On our next day at sea, along with three other passengers, we gathered for a behind-the-scenes tour of the Rotterdam. The originator of the idea for the tour and our host was the Hotel Director, who introduced us to each department guide and shepherded us around to various non-passenger areas of the ship. The tour was offered during the course of two days, and on the first day, we visited the kitchen, the engine room, some crew areas, and the bridge.
In the kitchen, our guide was the head chef, who gave what seemed to be a very thorough tour of his spaces. He explained the different preparation and serving areas which we passed by and gave us a general idea of how the servers work within their environment. We especially liked knowing that the servers come into the kitchen from one entrance, do their thing, and leave from a different way. This helps cut down on possible contamination of internal areas by influences from outside the kitchen.
Next, we went to the engine room on the A deck, not where the engines are but where they are controlled from. This presenter was a little less comfortable in his role as tour guide, but he also had a lot less to say about the activities of his area. That’s OK. There were lots of buttons, lights, monitors, etc. because this is the command center of the ship. In response to a question from a guest, he spent a little time telling us about the different kinds of water that are generated and used on the ship.
Our next stop was the bridge, but on the way we visited the officers’ lounge (decorated to look like an Irish pub) and the crew cooking and serving areas. The bridge is at the front end of the Navigation deck. We walked along a short hallway, our guide opened a door at the end, and we were suddenly in the control room for the whole ship. It’s just one wide room, with windows all around and control panels and monitors arranged along waist-high consoles. There were a number of comfortably upholstered high stools as well, and everything faced the front of the ship. Of course, the full view in front of the ship was impressive, although I wonder if it’s intimidating when there’s nothing but fog around. The presenter was a third officer, a youngish man who tried to explain to us how the different controls are used to maneuver the ship, for example when docking. Because the deck of the bridge extends past the sides of the rest of the ship, windows opening both to the back and into the floor are part of the ship’s structure. These allow those in control a fully unobstructed view of the ship’s location. Before we finished the tour for today, the Hotel Director showed us his stateroom. It’s a very nice suite with a living room, bedroom, and bath – all nicely appointed and comfortable.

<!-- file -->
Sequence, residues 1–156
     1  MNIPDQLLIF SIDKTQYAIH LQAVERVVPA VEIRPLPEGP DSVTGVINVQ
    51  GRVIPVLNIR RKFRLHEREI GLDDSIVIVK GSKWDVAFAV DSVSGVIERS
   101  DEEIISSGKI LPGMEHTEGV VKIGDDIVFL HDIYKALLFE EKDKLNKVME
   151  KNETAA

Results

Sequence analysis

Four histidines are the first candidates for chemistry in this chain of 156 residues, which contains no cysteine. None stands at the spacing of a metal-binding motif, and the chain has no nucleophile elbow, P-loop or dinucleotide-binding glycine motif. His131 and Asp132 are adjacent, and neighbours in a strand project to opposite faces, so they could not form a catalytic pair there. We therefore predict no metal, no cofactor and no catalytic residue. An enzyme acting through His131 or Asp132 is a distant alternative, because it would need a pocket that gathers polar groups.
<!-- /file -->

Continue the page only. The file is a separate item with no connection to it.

The next day, our first stop on the tour was the laundry room, which is on B deck. The department guide first showed us a huge ironer, which is used for all bed and table linens for the ship. The washing machines, huge dryers, machines for different laundry purposes, the same soap dispensers which appear in the guest laundromats, pressing stations, lots of noise, workers coming and going, and smiling faces were some of the sights. Next, we followed him to the guest and crew laundry, where everyone’s personal washing is taken care of. We then stopped in at the tailor shop, where a guy was marking a pattern and cutting out one of the officers’ uniforms. Their little space has three Juki sewing machines, patterns hanging from several hooks, ironing boards, cutting table, thread racks, all the stuff that one would expect to find in a sewing establishment. Our guide told us that all crew uniforms are made on the ship and specifically tailored for each owner.
We next met the provisioning department guide and toured several rooms containing supplies of wine and beverages, groceries, fruits and vegetables, cheese, dairy, eggs, and meats. All food products which come aboard the ship are cleaned and processed in these areas first, before they’re allowed to go to the kitchen and food preparation areas on higher decks. Our final stop was with the waste management officer, an older man who seems to love working with maritime safety and waste management. He showed us around his facility and explained how important recycling is to the ship. About 75% of ship waste is recycled, and the proceeds from the sale of recycling materials go into the crew fund. The tour ended with a conversation with the Hotel Director about his career with HAL and about crew recruitment policies.
Although the entertainment department was not part of our ship’s tour, several days later we attended a Q&A session with the Rotterdam Singers and Dancers. Passengers asked them questions about their lives, careers, and hopes for the future. Afterwards, we all filed through the spaces backstage, where the performers answered our questions and explained how they manage to change costumes and do what they have to in such limited space. They were all friendly and helpful and seemed to be genuinely interested in having their audience understand their working conditions.
We have always been very happy with our Holland America homes (Rotterdam, Amsterdam, Ryndam, Volendam, Maasdam, etc.), but these tours have helped us to understand just how amazingly well these ships are run.